Unlike a lot of animated shows, “Allen Gregory” has a logical reason for employing the medium: Building a series around an insanely precocious and pretentious 7-year-old boy wouldn’t only be difficult to cast, but just imagine the production limits that would impose. So co-creator Jonah Hill voices the title character — a kid with two gay dads, an adopted Cambodian sister he deeply resents and a preference for Pinot Grigio with lunch. Deeply absurd but only fitfully funny, “Allen” will probably be loved by a small group of people, but not especially liked by many.
Allen is introduced at a lavish party thrown by his father Richard (French Stewart), during which pop berates partner Jeremy (Nat Faxon) and simultaneously celebrates Allen as the world’s youngest Tony winner. The bespectacled tyke, in turn, expresses gratitude “to everyone here whose fantasies are fueled by my achievements.”
Ah, but there’s trouble in paradise. Until now home-schooled by Jeremy, the seemingly well-heeled Richard needs his much-maligned partner to reenter the workforce, for reasons he won’t specify. This turn of events forces Allen to attend school, and naturally, the pampered boy is an awkward fit in his new surroundings — informing the teacher he’s fine with her, provided she understands her authority doesn’t exceed his.
“Allen Gregory” is certainly strange, and a little risky in its mix of sexual content with a child protagonist in an animated format. Sure, “The Simpsons” gets away with murder, but it’s still surprising to see a second-grader presented as being infatuated with his sixtysomething teacher, and the eager-to-please school board urging her to indulge those fantasies. (Don’t look now, but your boycott campaign from the Parents Television Council is doubtless already in the mail.)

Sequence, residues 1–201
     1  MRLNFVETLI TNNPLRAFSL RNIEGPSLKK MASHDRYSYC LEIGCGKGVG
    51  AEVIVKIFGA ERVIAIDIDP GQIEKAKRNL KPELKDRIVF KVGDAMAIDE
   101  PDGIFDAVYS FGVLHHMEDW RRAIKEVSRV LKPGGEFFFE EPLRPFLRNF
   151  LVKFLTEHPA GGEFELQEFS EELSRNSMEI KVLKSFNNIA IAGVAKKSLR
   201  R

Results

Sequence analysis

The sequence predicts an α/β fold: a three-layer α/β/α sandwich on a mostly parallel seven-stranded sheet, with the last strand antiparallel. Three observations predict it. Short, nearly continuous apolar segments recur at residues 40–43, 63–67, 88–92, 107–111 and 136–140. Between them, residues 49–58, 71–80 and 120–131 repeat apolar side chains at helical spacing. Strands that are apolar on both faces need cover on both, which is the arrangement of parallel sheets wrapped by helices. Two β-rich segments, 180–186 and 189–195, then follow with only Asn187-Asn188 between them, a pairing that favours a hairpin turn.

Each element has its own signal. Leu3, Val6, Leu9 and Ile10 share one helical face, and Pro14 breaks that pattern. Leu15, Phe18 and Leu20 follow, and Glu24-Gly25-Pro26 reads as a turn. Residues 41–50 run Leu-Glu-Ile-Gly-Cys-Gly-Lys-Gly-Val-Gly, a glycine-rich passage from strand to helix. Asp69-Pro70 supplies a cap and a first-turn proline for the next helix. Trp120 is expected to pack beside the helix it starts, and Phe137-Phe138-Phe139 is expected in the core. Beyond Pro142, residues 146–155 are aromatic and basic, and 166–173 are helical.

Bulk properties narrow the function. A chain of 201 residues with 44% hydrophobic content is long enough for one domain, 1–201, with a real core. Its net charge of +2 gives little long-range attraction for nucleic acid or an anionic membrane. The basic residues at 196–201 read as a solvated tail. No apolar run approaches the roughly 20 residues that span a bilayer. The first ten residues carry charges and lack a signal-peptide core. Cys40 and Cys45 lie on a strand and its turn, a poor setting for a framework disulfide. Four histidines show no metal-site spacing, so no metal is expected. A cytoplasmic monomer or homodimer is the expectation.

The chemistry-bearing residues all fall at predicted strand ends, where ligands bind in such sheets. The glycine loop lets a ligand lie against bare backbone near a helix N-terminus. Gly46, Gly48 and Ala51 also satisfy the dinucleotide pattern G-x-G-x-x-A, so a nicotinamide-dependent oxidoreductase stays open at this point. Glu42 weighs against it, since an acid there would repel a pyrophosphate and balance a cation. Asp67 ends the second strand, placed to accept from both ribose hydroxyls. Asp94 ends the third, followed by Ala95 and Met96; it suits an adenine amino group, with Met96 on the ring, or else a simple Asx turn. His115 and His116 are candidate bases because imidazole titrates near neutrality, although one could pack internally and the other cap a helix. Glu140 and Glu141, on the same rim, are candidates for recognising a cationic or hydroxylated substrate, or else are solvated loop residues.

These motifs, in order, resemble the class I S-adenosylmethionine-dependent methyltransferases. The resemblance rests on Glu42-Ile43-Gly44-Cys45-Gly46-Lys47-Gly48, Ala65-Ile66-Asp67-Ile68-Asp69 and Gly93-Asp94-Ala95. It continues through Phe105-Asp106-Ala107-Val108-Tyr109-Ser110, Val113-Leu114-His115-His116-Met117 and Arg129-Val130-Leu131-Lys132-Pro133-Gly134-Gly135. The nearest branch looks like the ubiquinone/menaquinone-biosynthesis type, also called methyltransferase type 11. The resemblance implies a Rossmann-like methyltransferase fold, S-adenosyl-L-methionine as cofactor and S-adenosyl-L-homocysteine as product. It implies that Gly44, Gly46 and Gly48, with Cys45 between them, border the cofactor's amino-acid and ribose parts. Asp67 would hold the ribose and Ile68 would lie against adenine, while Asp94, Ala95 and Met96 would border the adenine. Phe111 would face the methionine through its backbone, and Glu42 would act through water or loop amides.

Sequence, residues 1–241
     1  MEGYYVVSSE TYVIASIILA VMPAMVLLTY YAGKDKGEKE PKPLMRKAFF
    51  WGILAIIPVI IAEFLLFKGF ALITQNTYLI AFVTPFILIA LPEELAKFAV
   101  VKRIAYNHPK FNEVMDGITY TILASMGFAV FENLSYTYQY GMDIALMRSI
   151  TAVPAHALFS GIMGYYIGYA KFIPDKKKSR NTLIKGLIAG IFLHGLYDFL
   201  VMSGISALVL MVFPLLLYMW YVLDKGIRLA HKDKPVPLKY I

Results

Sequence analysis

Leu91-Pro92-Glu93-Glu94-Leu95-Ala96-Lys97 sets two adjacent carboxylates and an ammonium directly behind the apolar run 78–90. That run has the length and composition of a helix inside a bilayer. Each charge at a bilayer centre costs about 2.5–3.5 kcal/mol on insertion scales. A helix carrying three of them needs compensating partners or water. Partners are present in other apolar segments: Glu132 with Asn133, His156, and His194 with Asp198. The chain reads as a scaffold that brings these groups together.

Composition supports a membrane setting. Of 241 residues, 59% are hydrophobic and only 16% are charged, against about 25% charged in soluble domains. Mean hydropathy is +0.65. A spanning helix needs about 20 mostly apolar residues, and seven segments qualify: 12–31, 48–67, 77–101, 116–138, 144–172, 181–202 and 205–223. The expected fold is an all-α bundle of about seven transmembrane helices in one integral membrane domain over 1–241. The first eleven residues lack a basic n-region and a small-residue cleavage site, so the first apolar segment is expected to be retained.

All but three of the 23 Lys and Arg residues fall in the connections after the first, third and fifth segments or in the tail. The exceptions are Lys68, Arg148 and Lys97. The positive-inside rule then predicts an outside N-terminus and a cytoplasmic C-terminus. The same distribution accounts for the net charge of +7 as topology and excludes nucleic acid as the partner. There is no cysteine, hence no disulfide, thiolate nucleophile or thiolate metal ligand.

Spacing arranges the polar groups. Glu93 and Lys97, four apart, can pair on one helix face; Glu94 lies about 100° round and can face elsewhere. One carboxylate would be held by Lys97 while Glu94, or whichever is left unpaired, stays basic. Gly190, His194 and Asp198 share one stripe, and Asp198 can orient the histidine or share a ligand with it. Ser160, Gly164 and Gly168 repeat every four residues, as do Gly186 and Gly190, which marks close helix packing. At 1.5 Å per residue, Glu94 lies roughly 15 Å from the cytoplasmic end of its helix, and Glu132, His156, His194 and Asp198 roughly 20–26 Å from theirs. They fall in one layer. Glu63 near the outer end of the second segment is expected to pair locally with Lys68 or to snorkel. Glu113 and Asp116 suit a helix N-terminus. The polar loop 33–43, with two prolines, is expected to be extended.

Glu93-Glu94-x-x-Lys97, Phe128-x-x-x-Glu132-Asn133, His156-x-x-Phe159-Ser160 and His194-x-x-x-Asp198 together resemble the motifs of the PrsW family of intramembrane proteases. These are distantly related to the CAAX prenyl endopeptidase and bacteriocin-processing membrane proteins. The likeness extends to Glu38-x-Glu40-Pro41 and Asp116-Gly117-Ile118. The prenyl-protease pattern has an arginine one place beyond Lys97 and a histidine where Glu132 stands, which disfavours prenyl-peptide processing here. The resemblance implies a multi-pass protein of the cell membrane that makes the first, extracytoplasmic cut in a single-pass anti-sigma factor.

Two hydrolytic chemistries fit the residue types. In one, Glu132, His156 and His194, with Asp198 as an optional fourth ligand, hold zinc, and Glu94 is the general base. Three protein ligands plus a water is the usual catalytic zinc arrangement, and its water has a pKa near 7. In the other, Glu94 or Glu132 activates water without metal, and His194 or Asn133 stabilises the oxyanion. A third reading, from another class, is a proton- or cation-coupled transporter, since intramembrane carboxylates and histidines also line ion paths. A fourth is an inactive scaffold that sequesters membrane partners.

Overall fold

Mostly, though, like many a prodigy, “Allen Gregory’s” over-the-top characters don’t promise to age very well. That’s a shame, really, since the show has a cool look and actually the potential to be about something in dealing with how a pretentious egghead tries to fit in.
As constituted, “Allen” offers viewers little foundation to latch onto, other than the fleeting diversion of hearing Hill playing a child who speaks like an NPR morning host.
Practically speaking, being sandwiched between two established series ought to provide this newcomer sampling. Moreover, in addition to creators Hill, Jarrad Paul and Andrew Mogel, the show has “Family Guy’s” David A. Goodman to oversee its continuing education and counts former News Corp. chief operating officer Peter Chernin among its brain trust.
Still, if “Allen Gregory’s” pilot is an accurate preview of what’s to come, this talented tot’s graduation out of primetime might come sooner than any of his many fathers would welcome.